It isn’t flawless and speaker choice is critical. But what it excels at just happens to be what matters most to me. Naturalness, realism and emotional/musical connection.


@Charles- I completely agree with your last point from a purely theoretical standpoint.  I live 10 minutes from Coincident, and have likely owned more models of Coincident speakers over the past 20 years then most on this forum.  One of the best previous combos was a 14-watt SET 211 amp and Air Tight ATC-2 preamp on Total Victories, so am with you on the inherent quality of SET bass.

 **However, when I was last at Israel’s place a couple months back, I was quite blown away by the impact of the double PRE with Franks on top and Parasound A21+ driving all 4 woofers (double bass cabinets as well).  The naturalness on the mids/highs combined with the massive impact on the bass was really something, and the bass didn’t seem ‘overdone’ either…

Boy, there is some real wisdom in the above comments by @realworldaudio !  For most of us, our first experience hearing the low frequency component of music was sitting in our buddies 8x10 bedroom listening to Jack Bruce's electric bass with Ginger Baker whacking away on his bass drum, as reproduced by a 13 WPC Technics receiver through Cerwin-Vega speakers.  Oh the horror of it all, the source was a cheap dual table with a $39 Shure cartridge sitting on top of one of the speakers. (Perhaps this is why so many of us fell in love with Clapton!) I might suggest this miserable excuse for reproduction of music was the basis for the "unique US phenomenon" to which real world alludes.  It didn't take a discerning ear to figure out that Cerwin Vegas in a bedroom wasn't quite "right", so what was "right" must be the pendulum swinging to the opposite position.  But no, that is not quite right either.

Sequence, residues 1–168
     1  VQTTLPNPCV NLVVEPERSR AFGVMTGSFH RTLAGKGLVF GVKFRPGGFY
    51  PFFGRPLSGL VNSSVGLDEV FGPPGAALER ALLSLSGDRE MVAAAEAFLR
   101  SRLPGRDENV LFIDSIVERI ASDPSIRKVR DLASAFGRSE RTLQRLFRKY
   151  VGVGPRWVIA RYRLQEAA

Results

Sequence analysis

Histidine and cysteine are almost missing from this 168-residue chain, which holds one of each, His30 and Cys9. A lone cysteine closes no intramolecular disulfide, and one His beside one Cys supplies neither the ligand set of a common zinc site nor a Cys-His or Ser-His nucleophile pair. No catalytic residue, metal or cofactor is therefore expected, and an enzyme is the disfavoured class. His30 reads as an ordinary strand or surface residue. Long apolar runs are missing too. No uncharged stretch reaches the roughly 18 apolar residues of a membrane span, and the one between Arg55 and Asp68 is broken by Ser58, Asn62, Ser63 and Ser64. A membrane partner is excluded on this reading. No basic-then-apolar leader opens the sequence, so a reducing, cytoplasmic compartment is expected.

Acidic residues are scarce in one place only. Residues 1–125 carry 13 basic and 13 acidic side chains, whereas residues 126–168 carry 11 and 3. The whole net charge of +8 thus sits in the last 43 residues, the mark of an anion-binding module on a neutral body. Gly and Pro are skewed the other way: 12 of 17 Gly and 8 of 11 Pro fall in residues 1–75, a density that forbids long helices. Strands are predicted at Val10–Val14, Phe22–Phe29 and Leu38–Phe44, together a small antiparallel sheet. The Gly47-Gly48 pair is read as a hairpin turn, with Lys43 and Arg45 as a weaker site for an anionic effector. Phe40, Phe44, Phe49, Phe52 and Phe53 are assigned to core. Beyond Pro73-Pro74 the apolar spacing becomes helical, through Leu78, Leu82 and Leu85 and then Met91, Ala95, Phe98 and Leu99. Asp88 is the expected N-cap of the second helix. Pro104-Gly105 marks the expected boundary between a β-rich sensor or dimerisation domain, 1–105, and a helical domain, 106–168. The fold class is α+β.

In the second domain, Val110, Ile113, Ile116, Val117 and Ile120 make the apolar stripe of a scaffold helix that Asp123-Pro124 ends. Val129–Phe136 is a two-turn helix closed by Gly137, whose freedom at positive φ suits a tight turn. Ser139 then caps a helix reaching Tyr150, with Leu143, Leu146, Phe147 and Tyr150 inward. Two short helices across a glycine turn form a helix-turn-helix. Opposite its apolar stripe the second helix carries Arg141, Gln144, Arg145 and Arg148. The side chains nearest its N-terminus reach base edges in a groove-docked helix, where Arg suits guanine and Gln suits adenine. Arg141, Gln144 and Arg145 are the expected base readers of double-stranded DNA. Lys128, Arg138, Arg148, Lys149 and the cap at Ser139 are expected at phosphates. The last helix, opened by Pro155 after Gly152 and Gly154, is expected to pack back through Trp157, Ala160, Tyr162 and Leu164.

Real world gets to the heart of the flaw in the TAS theory.  He points out that in the same venue, one can experience bass that is too loose, too tight, or just right, depending upon where one sits.  But since all of these are real experiences of unamplified music in a live venue, they are all "right" in an objective sense.  Choosing one of these three as "right" is a matter of personal preference.  

For years, my preferred seat in my local symphonic venue was in the front row, less than 10 feet away from the cello section.  This was in the Indianapolis Circle Theater, where as far as I was able to determine. there was no good seat.  It is just a hall with miserable acoustics.   I sat in the front row right in front of the cellos because that is where the cellos sounded best..  I sat there for enough years to become acquaintances with one of the cellists.  I recall a conversation I had with him regarding why I sat in the front row.  He told me to move my seat to the dress circle.  He said "symphonic" means "sound together" and that is how this music is meant to be heard.  I replied, that may be, but the ghost of LvB is not haunting me and the cellos sound better here!

My decision to move from SET to Atma-sphere's OTL WAS NOT because of low frequency reproduction.  In actual fact, what I found was that every aspect of the music just sounded a bit better-more real-more right- in my room to my ears.  

The absolute sound concept has value, but it has limitations. As real world so beautifully pointed out, the absolute sound is not a singular experience in the real world. It is a range of experiences all of which are possible within the same venue.  Some like their coffee unsweetened, some like one spoon of sugar, some like two.

The most important component in any system is the ear-brain, the second is the speaker-room, and everything else follows. 

I suspect that @hilde45 could add much to this discussion if he has time.